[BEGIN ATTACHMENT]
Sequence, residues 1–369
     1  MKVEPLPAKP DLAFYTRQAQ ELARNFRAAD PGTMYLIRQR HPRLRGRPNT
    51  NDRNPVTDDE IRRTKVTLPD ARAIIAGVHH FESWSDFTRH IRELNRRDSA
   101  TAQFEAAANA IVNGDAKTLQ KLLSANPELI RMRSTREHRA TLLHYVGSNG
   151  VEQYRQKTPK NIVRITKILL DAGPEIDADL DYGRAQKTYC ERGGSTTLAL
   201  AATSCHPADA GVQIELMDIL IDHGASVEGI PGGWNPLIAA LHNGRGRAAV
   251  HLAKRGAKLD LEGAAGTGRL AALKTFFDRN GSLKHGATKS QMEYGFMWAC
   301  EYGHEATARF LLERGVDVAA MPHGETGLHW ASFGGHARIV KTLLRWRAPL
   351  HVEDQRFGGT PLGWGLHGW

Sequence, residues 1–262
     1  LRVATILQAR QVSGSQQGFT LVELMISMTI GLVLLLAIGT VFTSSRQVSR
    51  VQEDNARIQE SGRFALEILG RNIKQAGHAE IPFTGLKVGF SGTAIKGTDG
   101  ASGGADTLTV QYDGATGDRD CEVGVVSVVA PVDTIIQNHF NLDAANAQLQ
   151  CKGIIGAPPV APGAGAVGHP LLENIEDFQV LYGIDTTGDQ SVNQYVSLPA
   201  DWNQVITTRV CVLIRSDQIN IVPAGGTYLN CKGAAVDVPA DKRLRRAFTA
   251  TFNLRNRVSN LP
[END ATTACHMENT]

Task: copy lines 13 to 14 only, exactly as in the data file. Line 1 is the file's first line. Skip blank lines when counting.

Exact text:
   101  ASGGADTLTV QYDGATGDRD CEVGVVSVVA PVDTIIQNHF NLDAANAQLQ
   151  CKGIIGAPPV APGAGAVGHP LLENIEDFQV LYGIDTTGDQ SVNQYVSLPA